Illinois needs to make adjustments in rematch against Nebraska


Rarely in college basketball do teams get the chance to avenge a bitter loss, but Illinois can do just that when they host Nebraska on Wednesday.

Nebraska overwhelmed Illinois on Feb. 12 behind a 27-18 run to end the game. Illinois really didn’t do anything well and might have even overlooked this scrappy Cornhuskers team.

Nebraska has only gotten stronger as it’s amid a five-game winning streak that includes a shocker over then-No. 9 Michigan State in East Lansing, Mich.

Illinois can’t take Nebraska lightly again. Here are some adjustments Illinois must make this time out against Nebraska.

Contain Shavon Shields

Sophomore Shavon Shields torched Illinois for a career-high 33 points in their last meeting. Shields was easily able to get to the rim throughout the night and no Illinois defender was able to stay in front of him. He made all 15 of his free throw attempts, as Illinois had to resort to fouling on numerous drives.

Regression to the mean is already on Illinois’ side since Shields averages just 11.8 points per game, but the Illini still need to prepare better defensively this time around. Illinois needs to force Shields to the baseline whenever he drives, leaving an opportunity for Nnanna Egwu to alter his shots in the paint. If that doesn’t work, sag off him on the perimeter.

I’d also like to see Kendrick Nunn matchup against Shields. The height difference may be problematic, as Shields has a four-inch advantage, but Nunn has the best lateral quickness on the team. Shields isn’t a strong shooter, so limiting his penetration is the key.

Limit mistakes on offense

Illinois can’t help out this stagnant Nebraska offense by coughing the ball up.

Illinois had 14 turnovers against Nebraska on Feb. 12, leading to 19 points for the Cornhuskers. That means almost a third of Nebraska’s points came off turnovers.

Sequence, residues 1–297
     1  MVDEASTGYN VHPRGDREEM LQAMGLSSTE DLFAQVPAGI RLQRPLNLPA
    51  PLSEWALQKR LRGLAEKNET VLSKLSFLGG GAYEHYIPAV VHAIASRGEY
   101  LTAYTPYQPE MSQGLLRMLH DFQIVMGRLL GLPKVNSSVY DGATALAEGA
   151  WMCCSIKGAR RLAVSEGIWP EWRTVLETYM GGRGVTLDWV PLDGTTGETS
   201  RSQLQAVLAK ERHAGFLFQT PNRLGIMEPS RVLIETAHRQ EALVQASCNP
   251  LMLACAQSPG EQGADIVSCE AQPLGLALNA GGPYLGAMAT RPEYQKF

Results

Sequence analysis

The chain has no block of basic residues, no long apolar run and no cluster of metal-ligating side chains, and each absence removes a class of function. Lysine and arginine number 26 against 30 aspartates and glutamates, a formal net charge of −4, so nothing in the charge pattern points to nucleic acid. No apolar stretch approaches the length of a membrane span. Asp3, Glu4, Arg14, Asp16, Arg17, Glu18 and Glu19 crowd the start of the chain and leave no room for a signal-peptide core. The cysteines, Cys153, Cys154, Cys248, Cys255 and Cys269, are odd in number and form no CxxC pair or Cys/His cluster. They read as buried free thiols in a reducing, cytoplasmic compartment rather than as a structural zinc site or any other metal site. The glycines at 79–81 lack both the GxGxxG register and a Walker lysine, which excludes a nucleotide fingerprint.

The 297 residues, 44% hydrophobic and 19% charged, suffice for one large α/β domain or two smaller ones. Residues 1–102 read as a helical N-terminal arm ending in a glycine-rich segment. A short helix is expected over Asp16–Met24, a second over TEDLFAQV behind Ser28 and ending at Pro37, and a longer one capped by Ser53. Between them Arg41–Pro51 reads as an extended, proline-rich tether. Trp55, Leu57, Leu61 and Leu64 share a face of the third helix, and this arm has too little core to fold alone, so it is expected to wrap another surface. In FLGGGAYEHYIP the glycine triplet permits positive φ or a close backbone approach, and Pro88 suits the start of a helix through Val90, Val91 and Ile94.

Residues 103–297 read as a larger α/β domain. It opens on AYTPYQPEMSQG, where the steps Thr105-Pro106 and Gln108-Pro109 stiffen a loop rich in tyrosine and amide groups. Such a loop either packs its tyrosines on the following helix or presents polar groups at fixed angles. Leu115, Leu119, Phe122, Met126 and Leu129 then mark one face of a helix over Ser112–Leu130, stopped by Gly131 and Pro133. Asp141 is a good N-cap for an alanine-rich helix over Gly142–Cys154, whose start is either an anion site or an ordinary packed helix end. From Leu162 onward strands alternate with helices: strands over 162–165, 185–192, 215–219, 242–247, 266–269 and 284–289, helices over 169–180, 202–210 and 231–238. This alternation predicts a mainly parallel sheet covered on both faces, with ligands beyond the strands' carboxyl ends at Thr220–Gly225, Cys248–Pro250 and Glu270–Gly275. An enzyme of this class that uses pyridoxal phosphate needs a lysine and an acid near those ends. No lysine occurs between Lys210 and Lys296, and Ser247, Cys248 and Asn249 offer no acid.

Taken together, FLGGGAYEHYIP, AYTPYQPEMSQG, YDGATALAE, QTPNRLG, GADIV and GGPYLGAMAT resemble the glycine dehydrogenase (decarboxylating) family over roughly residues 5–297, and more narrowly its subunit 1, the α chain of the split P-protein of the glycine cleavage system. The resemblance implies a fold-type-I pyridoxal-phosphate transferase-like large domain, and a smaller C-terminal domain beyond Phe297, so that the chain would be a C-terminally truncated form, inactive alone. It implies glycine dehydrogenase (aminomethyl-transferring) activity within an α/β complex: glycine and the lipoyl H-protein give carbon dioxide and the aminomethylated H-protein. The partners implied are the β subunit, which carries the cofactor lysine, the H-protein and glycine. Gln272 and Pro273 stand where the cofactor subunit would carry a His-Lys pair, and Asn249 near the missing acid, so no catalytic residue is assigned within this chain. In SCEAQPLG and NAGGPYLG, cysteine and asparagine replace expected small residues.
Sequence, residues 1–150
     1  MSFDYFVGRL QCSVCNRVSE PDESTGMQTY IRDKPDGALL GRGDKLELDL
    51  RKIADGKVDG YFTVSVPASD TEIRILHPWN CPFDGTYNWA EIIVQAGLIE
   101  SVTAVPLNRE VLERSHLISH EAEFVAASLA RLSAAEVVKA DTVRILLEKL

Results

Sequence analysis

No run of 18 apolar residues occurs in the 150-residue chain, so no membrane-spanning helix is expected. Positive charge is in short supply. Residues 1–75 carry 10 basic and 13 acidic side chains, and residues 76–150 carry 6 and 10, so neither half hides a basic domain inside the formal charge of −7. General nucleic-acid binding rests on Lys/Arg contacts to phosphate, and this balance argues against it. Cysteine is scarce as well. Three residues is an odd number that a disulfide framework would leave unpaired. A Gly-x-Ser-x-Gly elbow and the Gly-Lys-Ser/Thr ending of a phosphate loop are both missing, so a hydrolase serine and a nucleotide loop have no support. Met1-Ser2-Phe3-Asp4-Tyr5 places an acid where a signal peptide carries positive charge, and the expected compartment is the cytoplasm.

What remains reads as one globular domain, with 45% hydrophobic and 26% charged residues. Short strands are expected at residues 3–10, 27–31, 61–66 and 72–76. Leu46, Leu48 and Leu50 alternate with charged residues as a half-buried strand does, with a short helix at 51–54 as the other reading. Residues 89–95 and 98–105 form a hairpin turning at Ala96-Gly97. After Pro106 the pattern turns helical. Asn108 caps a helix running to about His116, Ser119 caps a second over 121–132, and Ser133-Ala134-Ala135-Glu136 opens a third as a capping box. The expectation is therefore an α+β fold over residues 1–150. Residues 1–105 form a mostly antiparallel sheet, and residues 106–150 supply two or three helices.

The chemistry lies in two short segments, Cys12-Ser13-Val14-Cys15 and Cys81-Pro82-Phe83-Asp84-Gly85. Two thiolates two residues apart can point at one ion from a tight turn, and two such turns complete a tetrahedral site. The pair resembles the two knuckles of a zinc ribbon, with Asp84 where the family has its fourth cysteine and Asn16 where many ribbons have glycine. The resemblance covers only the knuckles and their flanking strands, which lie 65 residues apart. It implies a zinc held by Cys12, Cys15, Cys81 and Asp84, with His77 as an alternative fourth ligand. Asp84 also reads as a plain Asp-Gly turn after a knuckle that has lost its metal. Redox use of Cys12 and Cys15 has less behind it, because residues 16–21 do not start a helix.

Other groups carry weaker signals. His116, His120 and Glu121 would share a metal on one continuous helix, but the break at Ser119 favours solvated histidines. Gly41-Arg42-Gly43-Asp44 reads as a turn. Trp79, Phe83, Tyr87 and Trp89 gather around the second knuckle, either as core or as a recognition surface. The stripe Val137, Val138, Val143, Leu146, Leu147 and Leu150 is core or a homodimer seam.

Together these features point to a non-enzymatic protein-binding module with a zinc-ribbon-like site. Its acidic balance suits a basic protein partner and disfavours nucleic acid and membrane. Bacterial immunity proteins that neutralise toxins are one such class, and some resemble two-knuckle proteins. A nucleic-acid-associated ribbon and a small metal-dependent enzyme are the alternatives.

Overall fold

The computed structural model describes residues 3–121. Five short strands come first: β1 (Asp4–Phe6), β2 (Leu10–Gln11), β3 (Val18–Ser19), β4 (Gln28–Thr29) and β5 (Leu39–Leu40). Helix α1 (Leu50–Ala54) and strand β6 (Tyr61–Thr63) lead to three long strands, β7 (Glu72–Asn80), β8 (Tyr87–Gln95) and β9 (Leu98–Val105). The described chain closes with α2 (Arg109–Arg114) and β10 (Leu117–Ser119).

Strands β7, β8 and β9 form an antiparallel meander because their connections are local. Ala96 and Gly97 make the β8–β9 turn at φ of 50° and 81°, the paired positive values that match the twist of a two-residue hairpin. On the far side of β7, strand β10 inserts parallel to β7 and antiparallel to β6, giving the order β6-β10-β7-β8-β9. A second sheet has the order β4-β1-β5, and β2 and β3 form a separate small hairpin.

We’ve already learned that Illinois isn’t going to share the ball, as they’re ranked 327th in the nation in assists, but the least they could do is hold onto the rock.

Nebraska struggles mightily in the half-court with few offensive options to go to, so it’s best if Illinois keeps them there. Illinois made the same mistake against Ohio State, letting the Buckeyes score 15 of their 48 points off turnovers. Illinois needs to give their defense the chance to set while forcing Nebraska to be more creative offensively.

Give Kendrick Nunn more offensive freedom

There is a trend developing for the Illini that can no longer be ignored; when Nunn scores, Illinois wins.

Nunn may be averaging just 5.4 points per game this season, but his scoring output as of late has carried Illinois’ cringe-worthy offense. If not for Nunn’s scoring, Illinois might be on a 12-game losing streak.

The reigning Big Ten Freshman of the Week scored a career-high 19 points in each of Illinois’ last two wins over Penn State and Minnesota, respectively. In the loss to Nebraska, Nunn attempted just five shots. John Groce needs to let the freshman do his thing.

Nunn needs to come out more aggressive against Nebraska, especially from deep. Nunn attempted 16 3-pointers in his two highest scoring games and I want to see much of the same on Wednesday. Nunn has been money from behind the arc as of late, draining 11 of his last 22 attempts in the past four games. The lift and arc on his jumper makes his shot hard to defend. Nunn isn’t just a spot-up shooter either; he’s more than capable of creating his own shot.

I’d like to see Nunn run more pick-and-rolls against Nebraska. Nunn isn’t much a playmaker yet, but his scoring ability would only improve in pick-and-roll sets. The scouting report is out on Nunn by now, so expect Nebraska to key on Nunn. Nebraska big men might also hedge on Nunn pick-and-rolls, meaning the defender will temporarily switch to avoid penetration. This kind of attention can open up Illinois’ offense and allow for some spacing that hasn’t been seen this season.

Michael is a senior in Media. He can be reached at [email protected] Follow him on Twitter @The_MDubb.